The hind limb ontogeny of Troodon formosus

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Montana State University - Bozeman, College of Letters & Science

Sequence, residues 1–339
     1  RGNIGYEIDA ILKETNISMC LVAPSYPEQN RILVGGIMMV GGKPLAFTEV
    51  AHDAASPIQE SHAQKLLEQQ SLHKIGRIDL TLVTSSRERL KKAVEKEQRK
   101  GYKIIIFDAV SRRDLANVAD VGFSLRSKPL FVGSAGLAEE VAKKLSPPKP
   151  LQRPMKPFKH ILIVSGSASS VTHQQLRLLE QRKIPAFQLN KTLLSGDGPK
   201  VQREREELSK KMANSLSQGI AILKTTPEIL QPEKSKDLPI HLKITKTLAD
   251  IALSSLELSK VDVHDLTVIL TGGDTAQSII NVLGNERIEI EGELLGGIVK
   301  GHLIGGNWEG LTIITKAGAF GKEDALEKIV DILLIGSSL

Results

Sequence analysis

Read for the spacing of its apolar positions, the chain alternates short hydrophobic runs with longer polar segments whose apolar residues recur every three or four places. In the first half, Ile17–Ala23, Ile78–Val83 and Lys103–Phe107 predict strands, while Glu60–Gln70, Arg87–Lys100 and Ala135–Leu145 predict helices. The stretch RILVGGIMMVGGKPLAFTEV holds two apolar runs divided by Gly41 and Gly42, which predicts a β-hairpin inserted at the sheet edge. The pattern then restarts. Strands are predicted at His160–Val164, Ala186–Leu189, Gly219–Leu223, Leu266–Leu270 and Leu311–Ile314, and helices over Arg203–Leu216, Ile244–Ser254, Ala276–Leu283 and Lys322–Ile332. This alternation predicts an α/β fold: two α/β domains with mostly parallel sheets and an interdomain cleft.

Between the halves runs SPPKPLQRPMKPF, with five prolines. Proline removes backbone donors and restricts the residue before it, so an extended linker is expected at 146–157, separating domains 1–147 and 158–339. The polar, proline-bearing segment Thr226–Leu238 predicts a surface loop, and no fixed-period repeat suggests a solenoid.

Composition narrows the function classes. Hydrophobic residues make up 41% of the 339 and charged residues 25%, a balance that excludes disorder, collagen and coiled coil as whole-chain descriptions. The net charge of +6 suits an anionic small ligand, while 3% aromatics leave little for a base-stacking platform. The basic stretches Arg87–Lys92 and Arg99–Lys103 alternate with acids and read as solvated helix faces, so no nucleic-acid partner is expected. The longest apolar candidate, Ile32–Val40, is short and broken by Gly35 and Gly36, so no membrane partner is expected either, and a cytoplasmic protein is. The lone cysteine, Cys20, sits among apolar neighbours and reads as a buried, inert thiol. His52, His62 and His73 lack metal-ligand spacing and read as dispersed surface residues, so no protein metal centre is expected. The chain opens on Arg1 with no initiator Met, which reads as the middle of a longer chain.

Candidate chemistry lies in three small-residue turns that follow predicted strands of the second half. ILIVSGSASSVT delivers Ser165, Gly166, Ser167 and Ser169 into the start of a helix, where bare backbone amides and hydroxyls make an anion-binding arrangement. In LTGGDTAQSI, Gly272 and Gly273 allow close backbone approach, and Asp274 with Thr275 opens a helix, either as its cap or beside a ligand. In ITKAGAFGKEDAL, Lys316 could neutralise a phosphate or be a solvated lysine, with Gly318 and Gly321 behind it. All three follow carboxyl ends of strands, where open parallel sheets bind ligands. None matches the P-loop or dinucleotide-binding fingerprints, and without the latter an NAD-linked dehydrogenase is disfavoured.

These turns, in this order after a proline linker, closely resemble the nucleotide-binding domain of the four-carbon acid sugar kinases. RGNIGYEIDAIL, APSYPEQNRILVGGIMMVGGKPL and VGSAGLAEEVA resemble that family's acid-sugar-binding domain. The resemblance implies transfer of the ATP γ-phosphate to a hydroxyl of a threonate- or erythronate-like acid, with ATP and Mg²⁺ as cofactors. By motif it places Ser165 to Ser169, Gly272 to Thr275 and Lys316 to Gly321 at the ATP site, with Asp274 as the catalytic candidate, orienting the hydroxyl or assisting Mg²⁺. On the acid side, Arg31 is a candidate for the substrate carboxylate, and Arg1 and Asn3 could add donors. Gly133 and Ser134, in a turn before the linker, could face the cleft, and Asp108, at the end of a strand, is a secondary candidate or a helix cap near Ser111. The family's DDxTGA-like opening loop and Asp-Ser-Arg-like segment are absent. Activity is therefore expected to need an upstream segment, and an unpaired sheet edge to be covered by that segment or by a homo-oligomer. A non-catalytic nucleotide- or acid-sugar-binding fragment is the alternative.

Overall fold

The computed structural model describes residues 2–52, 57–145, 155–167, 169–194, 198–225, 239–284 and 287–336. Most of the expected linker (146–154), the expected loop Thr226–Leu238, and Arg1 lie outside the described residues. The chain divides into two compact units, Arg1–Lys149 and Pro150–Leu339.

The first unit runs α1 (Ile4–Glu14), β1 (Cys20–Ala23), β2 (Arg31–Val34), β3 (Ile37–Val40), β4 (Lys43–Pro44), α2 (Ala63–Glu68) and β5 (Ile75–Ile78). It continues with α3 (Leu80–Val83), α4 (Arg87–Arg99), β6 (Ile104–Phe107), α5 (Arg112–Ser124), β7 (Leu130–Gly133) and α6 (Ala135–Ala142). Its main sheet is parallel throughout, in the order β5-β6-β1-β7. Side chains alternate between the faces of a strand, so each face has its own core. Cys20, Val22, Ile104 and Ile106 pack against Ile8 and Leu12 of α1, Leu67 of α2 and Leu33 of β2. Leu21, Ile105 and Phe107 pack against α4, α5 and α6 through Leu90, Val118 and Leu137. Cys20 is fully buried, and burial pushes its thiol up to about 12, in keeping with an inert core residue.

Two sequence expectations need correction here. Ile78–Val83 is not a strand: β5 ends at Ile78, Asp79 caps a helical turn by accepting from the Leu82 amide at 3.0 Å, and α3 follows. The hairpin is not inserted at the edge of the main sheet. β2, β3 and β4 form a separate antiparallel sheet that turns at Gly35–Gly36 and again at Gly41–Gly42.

The Campanian theropod Troodon formosus has long been recognized as one of the most exceptional dinosaurs of the Late Cretaceous. Despite its relatively small size, it was a remarkably advanced and specialized creature, with one of the largest encephalization quotients among dinosaurs, serrated teeth with hypertrophied denticles, and long hind limbs suited for agility and energy-efficient locomotion. Yet much is still unknown about members of this species due to the fragmentary and disassociated nature of what has thus far been uncovered. In the hopes of better understanding this species, we used the histology and bone scaling of the pelvic limbs of Troodon and the modern emu to make inferences about its ontogeny. This resulted in the discovery of highly variable growth strategies in Troodon individuals, as well as further evidence that modern cursorial avians are not an apt modern analogue for Troodon ontogeny and locomotion.




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